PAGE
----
I love the bass cut on my Fender Jaguar. I’ve personally found that switch to be extremely helpful in quickly solving some tone issues while recording.  

Fender Jaguar

2. Do you have an ‘almost’ perfect bit of kit? What would you change?

I’ve fallen in love with the Digitakt over the last 7 months. I have been writing an album where almost every piece of gear is running through it one way or another. I do wish that it had a polyphonic play mode. 

Elektron Digitakt

3. What setup do you bring on holiday/tour/commute etc.?

I usually bring my OP1. There’s a lot to work with right in the box, plus I can create some samples or record into the box wherever I am! 

Teenage Engineering OP-1

4. What software do you wish was hardware and vice versa?

I use the Waves J37 on all my recordings in some way. I absolutely love it. I know it’s originally hardware, but I wish it was something I could afford to use regularly. I’m not really sure what would want to go from hardware to software that hasn’t been covered by a company in one way or another already. maybe a virtual Chase Bliss Audio pedalboard  so I can use the ones that are discontinued or that I just don’t have. 

Waves J37

5. Is there anything you regret selling… or regret buying?

I had the moogerfooger ring modulator for about 10 years and sold it because I didn’t use it much at the time. I immediately regretted that. 

6. What gear has inspired you to produce the most music?

Even though I haven’t used it a lot in my current musical endeavors most of my ideas do stem from my guitar, the main one being a fender jaguar.

7. If you had to start over, what would you get first?

The first instrument I bought was a squier p bass when I was 13. at the time my friend and I were at our local Guitar Center and he spotted a used fender jazz bass which he tried to convince me to go with. at the time I wanted something brand new. I still to this day wish I bought that Jazz Bass. I’d probably still own.  

8. What’s the most annoying piece of gear you have, that you just can’t live without?

Can this answer be software? If so I would have to say Pro Tools. I’ve been using it for 14 years now and although it drives me crazy for many reasons I personally find it to be the best DAW for mixing and editing. 

[Editor: You’ve probably heard this a million times. But I gotta say Reaper is great too… If you’re only mixing music. Sound to film has gotta be ProTools coz of Avid MC]

Pro Tools

9. Most surprising tip/trick/technique that you’ve discovered about a bit of kit?

This past month I have been reamping through the Hologram Electronics Microcosm with the Mix knob at 100 where I feel a part is lacking something. After a bit of tweaking I typically end up with  something that has really enhanced the part for me. 

Hologram Electronics Microcosm

Artist or Band name?

Peninsula Repairs 

Genre?

Ambient/lofi 

Selfie?

Peninsula Repairs 

Where are you from?

Boston, Massachusetts 

How did you get into music?

The first time I ever wanted to play guitar was from seeing Dixie Kong shred after beating a level in Donkey Kong Country 2 on Super NES. I was also obsessed with Nirvana’s MTV unplugged performance at that time. About 5 years later my friends and I kept talking about starting a band, so I saved up for my first bass.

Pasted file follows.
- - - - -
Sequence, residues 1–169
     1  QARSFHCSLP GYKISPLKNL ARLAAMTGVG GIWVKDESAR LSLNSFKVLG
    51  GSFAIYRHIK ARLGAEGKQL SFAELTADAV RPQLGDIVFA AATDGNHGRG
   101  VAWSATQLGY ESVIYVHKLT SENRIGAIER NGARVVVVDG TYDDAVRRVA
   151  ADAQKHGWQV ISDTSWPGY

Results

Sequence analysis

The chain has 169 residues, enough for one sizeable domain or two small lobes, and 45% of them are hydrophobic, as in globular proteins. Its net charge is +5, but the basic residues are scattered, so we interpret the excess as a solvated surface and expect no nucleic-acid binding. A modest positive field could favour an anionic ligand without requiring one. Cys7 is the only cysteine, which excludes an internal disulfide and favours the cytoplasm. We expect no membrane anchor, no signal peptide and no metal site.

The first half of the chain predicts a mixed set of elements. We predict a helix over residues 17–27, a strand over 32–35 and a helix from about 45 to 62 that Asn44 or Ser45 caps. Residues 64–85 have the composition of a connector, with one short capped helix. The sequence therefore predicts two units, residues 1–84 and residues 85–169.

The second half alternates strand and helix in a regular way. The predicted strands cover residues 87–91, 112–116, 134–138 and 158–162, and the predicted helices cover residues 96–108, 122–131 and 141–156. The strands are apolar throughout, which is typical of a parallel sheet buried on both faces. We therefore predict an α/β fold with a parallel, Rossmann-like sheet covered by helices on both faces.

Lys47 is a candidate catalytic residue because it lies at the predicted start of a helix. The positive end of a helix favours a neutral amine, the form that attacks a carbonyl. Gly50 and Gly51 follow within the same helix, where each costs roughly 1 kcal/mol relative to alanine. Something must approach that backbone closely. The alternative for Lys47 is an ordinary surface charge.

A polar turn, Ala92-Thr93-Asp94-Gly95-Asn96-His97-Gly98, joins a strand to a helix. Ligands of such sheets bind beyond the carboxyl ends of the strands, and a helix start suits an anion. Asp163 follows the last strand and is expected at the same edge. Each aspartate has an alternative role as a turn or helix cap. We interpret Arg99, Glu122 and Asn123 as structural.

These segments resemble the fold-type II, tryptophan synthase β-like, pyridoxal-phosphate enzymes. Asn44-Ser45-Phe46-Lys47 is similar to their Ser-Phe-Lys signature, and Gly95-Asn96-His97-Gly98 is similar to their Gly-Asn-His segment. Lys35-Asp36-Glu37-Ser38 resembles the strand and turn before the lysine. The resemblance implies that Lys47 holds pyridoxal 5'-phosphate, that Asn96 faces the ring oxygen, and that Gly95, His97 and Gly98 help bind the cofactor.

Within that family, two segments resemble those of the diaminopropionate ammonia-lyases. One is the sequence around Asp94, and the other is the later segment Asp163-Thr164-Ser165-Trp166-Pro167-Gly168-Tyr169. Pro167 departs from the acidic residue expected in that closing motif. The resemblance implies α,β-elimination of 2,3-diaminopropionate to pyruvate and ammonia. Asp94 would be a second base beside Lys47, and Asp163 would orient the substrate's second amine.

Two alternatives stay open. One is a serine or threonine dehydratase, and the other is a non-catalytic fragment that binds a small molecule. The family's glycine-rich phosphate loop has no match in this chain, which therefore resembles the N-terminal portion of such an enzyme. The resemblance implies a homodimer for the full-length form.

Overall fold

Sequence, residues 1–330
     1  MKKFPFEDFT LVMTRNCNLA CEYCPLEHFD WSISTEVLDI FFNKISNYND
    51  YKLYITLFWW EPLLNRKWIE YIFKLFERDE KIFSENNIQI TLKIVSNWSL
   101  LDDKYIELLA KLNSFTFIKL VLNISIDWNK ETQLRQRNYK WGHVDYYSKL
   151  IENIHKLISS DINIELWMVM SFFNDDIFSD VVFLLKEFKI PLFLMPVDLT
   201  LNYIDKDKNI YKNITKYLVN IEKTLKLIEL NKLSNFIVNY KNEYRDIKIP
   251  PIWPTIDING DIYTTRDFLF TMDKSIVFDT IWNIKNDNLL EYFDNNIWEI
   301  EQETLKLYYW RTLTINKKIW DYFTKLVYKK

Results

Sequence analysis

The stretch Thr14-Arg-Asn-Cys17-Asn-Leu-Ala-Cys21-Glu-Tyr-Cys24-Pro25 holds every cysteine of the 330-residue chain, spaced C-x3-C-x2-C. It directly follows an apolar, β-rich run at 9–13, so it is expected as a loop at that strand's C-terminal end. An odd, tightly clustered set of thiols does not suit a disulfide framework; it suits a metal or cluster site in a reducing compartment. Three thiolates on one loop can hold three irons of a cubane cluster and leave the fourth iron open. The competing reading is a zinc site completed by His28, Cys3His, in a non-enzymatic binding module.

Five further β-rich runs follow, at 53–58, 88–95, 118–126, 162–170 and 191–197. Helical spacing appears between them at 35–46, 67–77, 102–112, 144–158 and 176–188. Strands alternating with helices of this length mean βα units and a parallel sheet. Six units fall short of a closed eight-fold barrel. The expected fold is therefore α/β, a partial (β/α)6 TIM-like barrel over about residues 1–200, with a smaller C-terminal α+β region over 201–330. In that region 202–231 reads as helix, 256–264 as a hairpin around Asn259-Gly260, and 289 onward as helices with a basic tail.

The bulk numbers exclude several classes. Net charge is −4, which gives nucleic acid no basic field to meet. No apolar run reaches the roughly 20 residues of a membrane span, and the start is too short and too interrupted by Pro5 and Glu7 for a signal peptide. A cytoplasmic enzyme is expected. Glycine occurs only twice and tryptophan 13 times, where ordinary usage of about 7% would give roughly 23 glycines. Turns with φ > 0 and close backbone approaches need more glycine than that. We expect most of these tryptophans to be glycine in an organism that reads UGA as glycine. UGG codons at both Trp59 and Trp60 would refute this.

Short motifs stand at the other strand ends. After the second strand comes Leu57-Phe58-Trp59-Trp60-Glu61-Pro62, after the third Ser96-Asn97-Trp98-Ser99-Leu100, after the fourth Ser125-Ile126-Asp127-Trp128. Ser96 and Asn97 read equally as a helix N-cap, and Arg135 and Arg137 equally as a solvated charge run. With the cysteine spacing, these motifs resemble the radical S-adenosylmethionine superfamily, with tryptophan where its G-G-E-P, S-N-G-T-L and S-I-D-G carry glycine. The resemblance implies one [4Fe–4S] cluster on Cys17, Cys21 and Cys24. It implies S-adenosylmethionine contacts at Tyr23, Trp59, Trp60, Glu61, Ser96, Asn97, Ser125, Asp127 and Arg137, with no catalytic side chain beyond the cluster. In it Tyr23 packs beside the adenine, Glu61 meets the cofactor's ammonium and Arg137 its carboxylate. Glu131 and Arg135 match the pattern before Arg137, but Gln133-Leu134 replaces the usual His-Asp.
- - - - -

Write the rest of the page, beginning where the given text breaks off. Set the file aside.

What still drives you to make music?

Pretty much everything. It’s the one thing I do where I feel like I can completely escape. It’s pretty much become a form of meditation for myself. 

How do you most often start a new track?

I typically have one small idea from either a guitar, piano or synth and then just build from there. 

How do you know when a track is finished?

I’m not sure I ever do. I usually get to a point where what I’m doing feels forced and figure that’s a good time to stop. 

Show us your current studio.

Here’s just a section of the studio. I’m currently in the middle of rearranging and organizing. 

Peninsula Repairs  Studio

Best creative advice that you’ve ever heard?

It’s a pretty simple one, but one of my best friends and old bandmates told me to stop overthinking everything I did. I would hold up songs for weeks or months over something so slight. The advice has helped me over the years appreciate moments of imperfection or even something I cannot control.  

Promote your latest thing… Go ahead, throw us a link.

I released my first full length this past March. It is currently streaming on all platforms and bandcamp.

https://peninsularepairs.bandcamp.com


Stefan Fast – from The Pedal Zone

1. Favourite knob/fader/switch on a piece of gear and why?

Well, generally I’m a fan of the Mix knob on pedals. That’s where the magic begins. Endless sonic shades, textures, tones and timbres can be found within the pure level and balance of a wet and a dry sound.

Mix Knob Magic

But I would like to give a big shout-out to Death By Audio. I think they are masters at making knobs an integral part of their pedal layouts, mixing knob sizes and designs in order to give the players a more organic, intuitive and playful user experience. I especially like the design of their Evil Filter, where the huge Filter knob instantly catches your attention, so you know the main purpose of this pedal is to freaking rock that filter frequency with every fiber in your body!

[Editor: And it’s got that Moog girth!]

Death By Audio Evil Filter

2. Do you have an ‘almost’ perfect bit of kit? What would you change?